It's National Radio week and this great piece from Berklee's Music Business Journal delves into music's lengthy and ongoing relationship with public sector radio both in the US and elsewhere, and how music on public sector radio is used to influence society.
Guest post by Alexander Stewart from Berklee's Music Business Journal
Broadcasting, especially radio, is a premier medium for the communication of music in society. Broadcasting and music, of course, have been closely related since radio became a household item in the late 1920s. In particular, music has always been a major part of radio programming, where considerable airtime is spent not only on the music itself but also on reports about music and musical events (this is one reason why terrestrial radio is still a significantly popular method of music consumption). Public broadcasting gives the added pleasure of not having to listen to advertisements and also allows for a much more diverse selection of musical styles.
All over the world, governments invest money into making the airways public and provide universal access where geography, for instance, stands in the way. The push is harder when a nation’s identity is at stake — or when a politician wishes to consolidate his or her power base, like Adolf Hitler did in the Third Reich or Juan Domingo Peron did in Argentina during the mid 1940s. More often than not, though, public radio struggles to gain sufficient funding for its broadcasts. Without taxpayer money, the well dries up. Regardless, public radio continues to play a major role in the modern world’s development and has certainly contributed to the progress of music.
BBC disc jockey, radio presenter and journalist, John Peel, shaped the tastes of several generations of music fanatics in the UK. Since his debut in Radio 1 in 1967, where he co-presented Top Gear, he became a hit, playing music that was well ahead of his time, including psychedelic and progressive rock records, as well as reggae. He is widely acknowledged for promoting artists working in various genres, including pop, indie rock, alternative rock, punk, death metal, British hip hop, and electronic music.
Without the need to cater to a mainstream audience and advertisers, John Peel actively played artists such as Pink Floyd, David Bowie, and Led Zeppelin, who went on to become some of the most influential British acts of all time. By the early 1970s, Peel, along with his producers Bernie Andrews and John Walters, were recording and broadcasting sessions by Roxy Music, Queen, and The Wailers, simultaneously managing to placate the Musicians’ Union by giving its members extra work and creating a valuable archive for future generations to enjoy. In the spring of 1976, Peel acquired an import copy of The Ramones’ eponymous debut album and helped to accelerate the punk revolution. A few years later, as Bob Marley became famous, he pushed reggae and ultimately helped usher in The Police.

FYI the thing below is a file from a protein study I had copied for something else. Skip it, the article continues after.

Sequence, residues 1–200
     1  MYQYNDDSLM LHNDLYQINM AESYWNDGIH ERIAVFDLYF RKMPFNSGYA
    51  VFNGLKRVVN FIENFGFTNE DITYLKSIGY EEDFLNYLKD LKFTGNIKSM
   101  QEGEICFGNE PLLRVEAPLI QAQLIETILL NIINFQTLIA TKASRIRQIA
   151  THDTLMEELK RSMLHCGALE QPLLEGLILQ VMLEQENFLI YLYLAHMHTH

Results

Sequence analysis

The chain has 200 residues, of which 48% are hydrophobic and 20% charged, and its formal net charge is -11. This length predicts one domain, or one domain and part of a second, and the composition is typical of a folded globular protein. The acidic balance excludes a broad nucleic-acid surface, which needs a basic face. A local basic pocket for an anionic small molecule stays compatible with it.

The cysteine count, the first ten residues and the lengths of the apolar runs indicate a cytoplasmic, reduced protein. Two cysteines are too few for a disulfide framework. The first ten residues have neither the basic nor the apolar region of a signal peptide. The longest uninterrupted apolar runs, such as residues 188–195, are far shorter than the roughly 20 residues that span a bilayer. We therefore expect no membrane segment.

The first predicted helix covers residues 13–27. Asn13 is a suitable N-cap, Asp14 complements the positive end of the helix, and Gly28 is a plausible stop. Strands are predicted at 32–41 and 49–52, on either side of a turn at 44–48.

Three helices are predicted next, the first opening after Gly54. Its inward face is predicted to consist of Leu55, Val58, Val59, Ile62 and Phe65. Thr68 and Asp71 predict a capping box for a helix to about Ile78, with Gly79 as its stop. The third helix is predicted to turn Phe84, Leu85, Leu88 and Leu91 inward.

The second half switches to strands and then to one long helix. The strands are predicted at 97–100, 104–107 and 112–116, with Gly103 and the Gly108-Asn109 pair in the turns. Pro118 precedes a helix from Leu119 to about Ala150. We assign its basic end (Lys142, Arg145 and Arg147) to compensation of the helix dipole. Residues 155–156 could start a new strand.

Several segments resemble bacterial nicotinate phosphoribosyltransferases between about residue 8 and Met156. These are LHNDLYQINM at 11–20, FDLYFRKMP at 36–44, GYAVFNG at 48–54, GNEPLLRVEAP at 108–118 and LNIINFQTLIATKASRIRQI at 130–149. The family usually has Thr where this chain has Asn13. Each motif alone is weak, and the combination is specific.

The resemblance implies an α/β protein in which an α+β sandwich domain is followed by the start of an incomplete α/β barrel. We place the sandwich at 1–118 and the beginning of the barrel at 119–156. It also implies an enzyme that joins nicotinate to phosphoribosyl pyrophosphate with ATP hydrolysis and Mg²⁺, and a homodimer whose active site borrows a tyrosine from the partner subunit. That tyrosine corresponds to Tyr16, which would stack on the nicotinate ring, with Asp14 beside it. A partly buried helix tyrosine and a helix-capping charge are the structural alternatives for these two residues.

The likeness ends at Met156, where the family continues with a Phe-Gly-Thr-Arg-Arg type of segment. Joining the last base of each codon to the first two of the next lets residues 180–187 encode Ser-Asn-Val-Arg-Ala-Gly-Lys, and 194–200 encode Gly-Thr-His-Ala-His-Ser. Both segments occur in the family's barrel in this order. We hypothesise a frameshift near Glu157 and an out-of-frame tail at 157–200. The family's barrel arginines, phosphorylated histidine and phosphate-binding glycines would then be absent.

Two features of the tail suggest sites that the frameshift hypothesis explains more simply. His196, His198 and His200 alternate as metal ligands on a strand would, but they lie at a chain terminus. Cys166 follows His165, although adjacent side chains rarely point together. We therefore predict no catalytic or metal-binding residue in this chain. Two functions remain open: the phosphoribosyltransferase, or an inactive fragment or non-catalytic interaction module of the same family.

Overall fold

A current example of the influence of public radio in changing contemporary pop mores comes from another Anglo-Saxon country, Australia. The Australian Broadcasting Corporation is Australia’s national public broadcaster, again funded from taxes. In 1975, the ABC launched a new radio station with the intention to engage people aged between 18 and 35. Originally named Double J but later changed to what it is known as today, Triple J, is Australia’s national youth radio network that broadcasts contemporary alternative and independent music. While the network plays soundtracks from around the world, it has a strong focus on Australian artists. Triple J frequently features new and alternative music and local Australian performers, and programming often shows a bias against Top 40 hits. It covers specialist programs in different musical genres, news, and other current affairs from a youth-oriented perspective. The station quickly gained popularity and is now one of the most listened to stations in Australia. Triple J is especially good at breaking new local acts. Midnight Oil, the prime example of this, would almost certainly not have had anything like the success they enjoyed without it. Other acts such as Missy Higgins, Gotye, and Powderfinger, as well as Aussie hip hop acts like the Hilltop Hoods are in their debt too. The station also broke countless overseas acts that were unknown in their home countries such as Good Charlotte. But overall, the station is a central reason as to why Australian musicians are able to compete with dominant exports from the Unites States and the U.K.
In the US, however, music serves a different purpose on public radio stations. Because of the size and dominance of the commercial American music industry globally, there is no real need to preserve a local voice musically — the market does well without the need for public radio’s endorsement. So, public broadcasters like NPR have had less of an influence on the industry. Yet NPR and other similar stations still provide an alternative to Top 40 music. Many play jazz, classical, and world music styles that are distinguished on various segments throughout public broadcasts in the US. American public broadcasting serves more than half the nation each month and, like elsewhere, prides itself on putting out high quality news, award-winning cultural and educational programs that no one else would touch, and an independent and balanced political fare.